Fujinon and Helios – two portrait lenses

Fujinon XF 56mm F1.2 R and Helios 44-2 58mm F2.0 are my 2 main prime lenses for portrait photography (sometimes I use another manual focus lens, the Pentacon MC 135mm F2.8), when coupled with a Fujifilm X mirrorless camera. I know that many of the Fujifilm users do not have this 56mm prime lens for portraits (about 1.000 euro), but instead, some of them use old, legacy manual focus lenses as a cheap and accessible alternative. I know I still do.

What I am trying to show, without bothering you with MTF charts, technical data and truly mathematical approaches (you can find this information online, for each of the tested lens), is how these two lenses perform, side by side, in a very quick and not-so-scientific test. This could be useful especially for beginners and enthusiasts photographers using Fujifilm cameras, searching for an answer in the portrait photography zone.

For this quick test I used a Fujifilm X-T1 camera, both on a tripod and shooting handheld, but first, just a few words on each lens:

  1. Fujinon XF 56mm F1.2 R – a fast portrait prime lens made in Japan for the X mount with AF, 56mm focal length, F1.2 maximum aperture, F16 minimum aperture, with a minimum focus measured distance at 56cm, metal body with an aperture ring and 7 blade aperture, 62mm filter size, 405 g and about 1.000 euro
  2. Helios 44-2 58mm F2.0 – a fast portrait prime lens made in USSR in the 80s for the M42 mount without AF (manual focus), 58mm focal length, F2.0 maximum aperture, F16 minimum aperture, with a minimum focus measured distance at 40cm, metal body with an aperture ring and 8 blade aperture, 49mm filter size, 230 g and about 100 euro (second-hand) with a cheap Fuji X – M42 mount adapter.

For this test, all pictures are JPEG SOOC (straight out of camera), with Auto ISO, Auto Shutter Speed, the same color settings, leaving me the aperture changes. Let’s see this comparison between the two, in a test photo handheld, where both lenses were used at their maximum aperture:

Fujinon at F1.2, ISO 200, 1/80 sec

Helios at F2.0, ISO 200, 1/20 sec (could be unsharp because of the long shutter speed)

Now let’s see the bokeh balls while manually focusing the two prime lenses at both the minimum focus distance and at infinity:

Fujinon set at minimum focus distance, F1.6, ISO 400, 1/60 sec

Helios set at minimum focus distance, F2.0, ISO 1250, 1/60

Fujinon set at infinity, F1.6, ISO 500, 1/60 sec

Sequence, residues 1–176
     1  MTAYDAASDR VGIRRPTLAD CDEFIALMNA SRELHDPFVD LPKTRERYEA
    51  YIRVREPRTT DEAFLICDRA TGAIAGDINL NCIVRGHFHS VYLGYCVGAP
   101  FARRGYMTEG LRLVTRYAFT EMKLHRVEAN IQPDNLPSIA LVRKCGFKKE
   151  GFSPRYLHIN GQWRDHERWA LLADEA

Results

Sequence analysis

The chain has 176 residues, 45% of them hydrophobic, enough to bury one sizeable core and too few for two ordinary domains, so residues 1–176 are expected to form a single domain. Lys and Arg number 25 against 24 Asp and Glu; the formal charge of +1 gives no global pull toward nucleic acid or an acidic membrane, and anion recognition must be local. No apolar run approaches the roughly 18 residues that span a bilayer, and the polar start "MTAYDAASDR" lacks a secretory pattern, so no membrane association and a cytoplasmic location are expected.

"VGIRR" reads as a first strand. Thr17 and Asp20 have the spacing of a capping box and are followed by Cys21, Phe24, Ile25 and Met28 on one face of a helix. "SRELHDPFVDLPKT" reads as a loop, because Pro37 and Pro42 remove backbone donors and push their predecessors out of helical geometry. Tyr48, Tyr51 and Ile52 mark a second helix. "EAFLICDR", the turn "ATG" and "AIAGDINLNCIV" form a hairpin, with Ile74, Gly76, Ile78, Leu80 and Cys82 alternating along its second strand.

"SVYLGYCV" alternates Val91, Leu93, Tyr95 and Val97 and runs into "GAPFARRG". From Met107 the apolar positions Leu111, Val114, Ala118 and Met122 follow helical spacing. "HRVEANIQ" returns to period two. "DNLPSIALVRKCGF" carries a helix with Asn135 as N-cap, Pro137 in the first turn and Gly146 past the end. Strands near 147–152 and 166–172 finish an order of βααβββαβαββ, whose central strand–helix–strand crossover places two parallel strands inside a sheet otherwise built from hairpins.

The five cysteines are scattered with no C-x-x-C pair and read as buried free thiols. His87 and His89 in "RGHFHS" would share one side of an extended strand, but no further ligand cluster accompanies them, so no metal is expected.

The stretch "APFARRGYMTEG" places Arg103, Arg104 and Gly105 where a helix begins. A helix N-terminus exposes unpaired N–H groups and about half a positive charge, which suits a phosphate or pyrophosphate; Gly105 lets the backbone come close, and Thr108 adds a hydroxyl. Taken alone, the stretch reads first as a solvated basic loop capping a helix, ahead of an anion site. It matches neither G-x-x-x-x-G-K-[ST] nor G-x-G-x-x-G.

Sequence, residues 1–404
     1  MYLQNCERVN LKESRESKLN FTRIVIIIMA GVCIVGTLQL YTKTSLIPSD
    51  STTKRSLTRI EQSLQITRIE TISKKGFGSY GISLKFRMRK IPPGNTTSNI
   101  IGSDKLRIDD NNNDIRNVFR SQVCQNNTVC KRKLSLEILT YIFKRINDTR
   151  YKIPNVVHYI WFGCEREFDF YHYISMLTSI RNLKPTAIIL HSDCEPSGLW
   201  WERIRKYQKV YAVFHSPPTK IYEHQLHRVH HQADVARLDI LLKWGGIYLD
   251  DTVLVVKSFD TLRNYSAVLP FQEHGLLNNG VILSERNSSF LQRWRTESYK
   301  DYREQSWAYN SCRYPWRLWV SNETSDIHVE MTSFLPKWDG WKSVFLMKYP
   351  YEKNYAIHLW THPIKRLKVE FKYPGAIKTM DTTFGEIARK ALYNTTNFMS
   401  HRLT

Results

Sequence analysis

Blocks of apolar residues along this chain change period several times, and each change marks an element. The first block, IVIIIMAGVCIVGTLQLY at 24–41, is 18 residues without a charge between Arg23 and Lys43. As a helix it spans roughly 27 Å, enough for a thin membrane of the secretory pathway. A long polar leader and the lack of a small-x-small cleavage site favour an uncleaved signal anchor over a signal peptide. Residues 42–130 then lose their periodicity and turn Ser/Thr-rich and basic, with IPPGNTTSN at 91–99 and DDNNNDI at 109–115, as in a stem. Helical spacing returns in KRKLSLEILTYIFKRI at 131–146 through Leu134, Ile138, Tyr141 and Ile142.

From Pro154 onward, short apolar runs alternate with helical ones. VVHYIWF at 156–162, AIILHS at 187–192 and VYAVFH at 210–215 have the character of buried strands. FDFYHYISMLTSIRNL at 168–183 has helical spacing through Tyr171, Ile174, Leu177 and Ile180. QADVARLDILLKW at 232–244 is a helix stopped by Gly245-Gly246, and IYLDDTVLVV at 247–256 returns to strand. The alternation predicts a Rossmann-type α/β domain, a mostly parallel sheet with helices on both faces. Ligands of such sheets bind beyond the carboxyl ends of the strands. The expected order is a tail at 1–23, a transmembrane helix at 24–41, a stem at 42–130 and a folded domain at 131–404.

Helios set at infinity, F2.0, ISO 1000, 1/60 sec

My last test was to get some comparison photos outside, in natural daylight, where both lenses were set at F5.6 aperture, where this value could be the sweet spot in terms of sharpness. As before, the pictures are JPEG as they come right out of the camera, with no modifications. Both pictures where shot handheld; apart from the fixed F5.6 aperture, the camera performed its settings automatically. Let’s see it:

Fujinon at F5.6, ISO 200, 1/950 sec

Helios at F5.6, ISO 200, 1/750 sec

And that was it. Both lenses have their strong points and vulnerabilities.  In a few words, those are my observations:

Fujinon XF 56mm F1.2 R

Pros: Super fast prime lens, outstanding optics, really sharp in the center right from F1.2  and sharp across the frame when stopped down, gorgeous bokeh, beautiful CA, flare and vignetting control, great colors and microcontrast, superb and robust metal body, nice aperture ring (especially today).

Cons: Really expensive, the AF could be faster and more precise in low light, no Weather Sealing.

Helios 44-2 58mm F2.0

Pros: Superb optics even at our modern standards (This Russian Helios is in fact a copy of the Carl Zeiss Biotar), sharp if stopped down a bit, fantastic colors, interesting swirl bokeh, quite a fast lens at F2.0, super solid metal build, compact, smooth and precise focus ring operation, incredibly cheap and it can be used (with the proper adaptor) on different other digital cameras, including Full Frame.

Cons: No AF, images are soft when wide open, CA, flare and vignetting could be a problem when shooting against the sunlight, out of production.

Of course, among the first thing you will notice is that Fuji made a great portrait lens, that is 1.5 Stop faster than the Helios. This means a more intense background separation, great bokeh and also the ability to shoot at lower ISO settings with faster shutter speeds – very useful in low light conditions. I think this might be my favorite prime lens of all time.

But for those who love to experiment with manual focus lenses (for portrait, street or landscape photography), taking their time when composing their shots, getting more creative, the outcome could also be a strong feeling of accomplishment, when you see some beautiful, sharp photos, that came out from your hard, but gratifying work. You would be amazed by the huge number of manual focus lenses out there, built like a tank, with great optics, that still deliver remarkable results. More about the Helios 58mm lens you could read here, in a great review by Fujifilm X Photographer Jonas Rask.

All photos and text – © Sebastian Boatca 2017 / www.sebastianboatca.com

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